Metacognition refers to listener awareness of the cognitive processes involved in comprehension and the capacity to oversee, regulate, and direct these processes - Christine C. M. Goh (2008).
It includes knowledge about the factors relating to task, person, and strategies that come into play during any cognitive activity - Flavell (1979).
New evidence-based approaches to teaching listening have been suggested in the area of listening strategies - Goh and Vandergrift (2012).
Listening in the Classroom
Guide for Metacognitive Listening in the Classroom
C. Listen (first listening) to the text. Place a check mark beside the ideas that you (A) and your partner (B) predicted and that were in fact mentioned in the texted. And write down any other ideas that you had not predicted but were mentioned.
D. After verifying your predictions and discussing your listening results with your partner, listen (second listening) to the text again to check your results and to resolve any discrepancies in comprehension between you and your partner. Add any further points and important details that you may not have understood during the first listen:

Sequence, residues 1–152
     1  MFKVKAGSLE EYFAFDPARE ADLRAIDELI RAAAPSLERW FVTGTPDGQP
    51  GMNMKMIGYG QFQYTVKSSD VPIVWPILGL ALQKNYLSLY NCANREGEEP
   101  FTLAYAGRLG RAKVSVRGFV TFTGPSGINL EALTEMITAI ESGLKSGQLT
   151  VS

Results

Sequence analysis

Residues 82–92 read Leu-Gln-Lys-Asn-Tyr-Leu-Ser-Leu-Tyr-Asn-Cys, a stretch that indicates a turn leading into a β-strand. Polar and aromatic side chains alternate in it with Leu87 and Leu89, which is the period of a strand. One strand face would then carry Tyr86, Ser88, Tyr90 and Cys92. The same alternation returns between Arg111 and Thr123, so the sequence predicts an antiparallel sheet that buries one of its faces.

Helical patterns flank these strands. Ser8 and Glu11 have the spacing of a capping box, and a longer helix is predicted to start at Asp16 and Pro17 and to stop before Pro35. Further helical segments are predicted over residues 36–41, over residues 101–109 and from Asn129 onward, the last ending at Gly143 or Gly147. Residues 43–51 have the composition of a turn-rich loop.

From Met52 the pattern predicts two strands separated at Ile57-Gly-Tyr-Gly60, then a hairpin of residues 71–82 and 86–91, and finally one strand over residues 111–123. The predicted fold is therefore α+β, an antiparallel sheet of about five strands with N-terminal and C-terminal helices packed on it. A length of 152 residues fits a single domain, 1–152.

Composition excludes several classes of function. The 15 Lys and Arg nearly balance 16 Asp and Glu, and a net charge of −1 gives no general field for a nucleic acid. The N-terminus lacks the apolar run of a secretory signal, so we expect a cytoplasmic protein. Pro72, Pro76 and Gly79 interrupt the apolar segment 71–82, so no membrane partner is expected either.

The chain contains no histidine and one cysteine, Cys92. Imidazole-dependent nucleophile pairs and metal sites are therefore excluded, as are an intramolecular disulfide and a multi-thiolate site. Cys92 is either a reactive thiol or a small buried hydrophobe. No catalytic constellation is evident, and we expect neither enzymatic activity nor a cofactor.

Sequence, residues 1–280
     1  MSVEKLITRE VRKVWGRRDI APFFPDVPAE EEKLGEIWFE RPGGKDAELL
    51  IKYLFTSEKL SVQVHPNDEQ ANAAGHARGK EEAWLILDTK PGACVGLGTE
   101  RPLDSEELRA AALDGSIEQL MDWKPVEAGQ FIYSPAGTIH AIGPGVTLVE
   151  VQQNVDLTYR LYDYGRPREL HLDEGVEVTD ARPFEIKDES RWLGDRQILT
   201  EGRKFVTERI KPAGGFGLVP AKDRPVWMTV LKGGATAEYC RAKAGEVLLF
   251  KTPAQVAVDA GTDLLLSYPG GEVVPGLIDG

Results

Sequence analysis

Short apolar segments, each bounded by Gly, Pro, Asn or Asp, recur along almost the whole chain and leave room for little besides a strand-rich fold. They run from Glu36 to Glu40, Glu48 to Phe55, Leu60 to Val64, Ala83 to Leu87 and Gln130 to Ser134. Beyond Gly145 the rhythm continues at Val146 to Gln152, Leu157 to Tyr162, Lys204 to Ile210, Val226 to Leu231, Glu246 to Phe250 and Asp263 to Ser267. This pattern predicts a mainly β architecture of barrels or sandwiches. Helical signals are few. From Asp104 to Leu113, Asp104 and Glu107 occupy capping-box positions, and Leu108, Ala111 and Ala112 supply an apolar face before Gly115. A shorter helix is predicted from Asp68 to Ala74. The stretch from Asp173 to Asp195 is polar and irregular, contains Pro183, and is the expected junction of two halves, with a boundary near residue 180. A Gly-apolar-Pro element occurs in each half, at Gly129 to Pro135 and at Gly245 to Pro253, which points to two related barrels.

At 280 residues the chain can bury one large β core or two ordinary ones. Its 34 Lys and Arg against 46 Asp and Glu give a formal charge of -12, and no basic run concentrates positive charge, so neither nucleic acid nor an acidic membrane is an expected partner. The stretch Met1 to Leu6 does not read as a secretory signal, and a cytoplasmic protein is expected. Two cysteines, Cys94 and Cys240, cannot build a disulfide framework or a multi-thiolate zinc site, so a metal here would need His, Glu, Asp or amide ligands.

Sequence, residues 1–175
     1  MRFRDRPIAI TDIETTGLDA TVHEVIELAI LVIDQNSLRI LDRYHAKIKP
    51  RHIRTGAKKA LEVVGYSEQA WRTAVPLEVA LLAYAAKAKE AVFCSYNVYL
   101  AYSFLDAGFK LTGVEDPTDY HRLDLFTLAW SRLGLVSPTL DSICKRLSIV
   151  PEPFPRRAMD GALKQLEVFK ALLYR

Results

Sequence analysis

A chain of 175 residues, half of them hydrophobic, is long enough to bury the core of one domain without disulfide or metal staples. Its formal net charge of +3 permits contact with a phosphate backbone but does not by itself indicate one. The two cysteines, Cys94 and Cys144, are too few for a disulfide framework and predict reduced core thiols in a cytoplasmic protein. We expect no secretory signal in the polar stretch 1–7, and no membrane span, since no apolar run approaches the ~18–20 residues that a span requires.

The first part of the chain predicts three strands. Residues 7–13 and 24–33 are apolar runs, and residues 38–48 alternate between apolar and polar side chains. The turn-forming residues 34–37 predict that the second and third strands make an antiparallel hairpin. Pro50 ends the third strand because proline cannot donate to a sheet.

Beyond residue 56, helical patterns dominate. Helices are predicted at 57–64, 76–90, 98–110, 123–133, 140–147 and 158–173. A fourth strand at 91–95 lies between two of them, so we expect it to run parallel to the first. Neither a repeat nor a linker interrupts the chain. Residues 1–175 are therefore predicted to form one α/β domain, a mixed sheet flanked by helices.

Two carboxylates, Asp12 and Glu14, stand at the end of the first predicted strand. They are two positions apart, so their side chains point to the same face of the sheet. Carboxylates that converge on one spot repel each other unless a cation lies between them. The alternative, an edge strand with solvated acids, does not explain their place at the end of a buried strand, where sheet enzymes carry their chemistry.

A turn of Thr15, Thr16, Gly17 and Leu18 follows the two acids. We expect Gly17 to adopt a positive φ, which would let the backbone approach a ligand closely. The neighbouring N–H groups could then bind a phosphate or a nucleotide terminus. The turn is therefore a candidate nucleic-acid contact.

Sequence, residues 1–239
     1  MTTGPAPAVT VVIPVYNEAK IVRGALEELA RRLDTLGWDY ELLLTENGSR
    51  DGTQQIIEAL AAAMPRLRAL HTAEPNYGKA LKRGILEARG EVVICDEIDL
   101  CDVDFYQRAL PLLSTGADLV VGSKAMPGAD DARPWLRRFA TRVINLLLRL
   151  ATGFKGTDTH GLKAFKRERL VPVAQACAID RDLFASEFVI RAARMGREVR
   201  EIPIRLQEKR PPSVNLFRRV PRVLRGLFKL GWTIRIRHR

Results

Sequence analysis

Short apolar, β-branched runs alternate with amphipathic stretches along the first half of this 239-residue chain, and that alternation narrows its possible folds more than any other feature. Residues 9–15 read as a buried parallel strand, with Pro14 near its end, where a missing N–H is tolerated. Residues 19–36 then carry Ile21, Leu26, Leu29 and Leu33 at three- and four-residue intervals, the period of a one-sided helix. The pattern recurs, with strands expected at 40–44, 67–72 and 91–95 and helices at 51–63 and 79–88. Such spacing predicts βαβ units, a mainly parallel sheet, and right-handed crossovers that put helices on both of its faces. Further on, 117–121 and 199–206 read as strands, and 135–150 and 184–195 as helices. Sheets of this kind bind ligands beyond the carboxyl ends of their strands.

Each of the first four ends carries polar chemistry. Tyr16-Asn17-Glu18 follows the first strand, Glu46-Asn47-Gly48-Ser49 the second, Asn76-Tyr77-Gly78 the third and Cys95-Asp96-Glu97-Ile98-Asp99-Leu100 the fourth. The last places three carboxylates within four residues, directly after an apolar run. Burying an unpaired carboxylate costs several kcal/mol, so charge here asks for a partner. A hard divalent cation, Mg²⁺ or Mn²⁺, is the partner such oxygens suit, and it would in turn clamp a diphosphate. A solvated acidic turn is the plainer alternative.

E. Listen to the text a third time to verify comprehension after a class discussion of the content of the text or a reading of the text transcript. Try to apply a “Critical Listening” when you listen by thinking of what, why, how, when and where?
Reflection and Goal-Setting
I was successful in anticipating (----?---) ideas :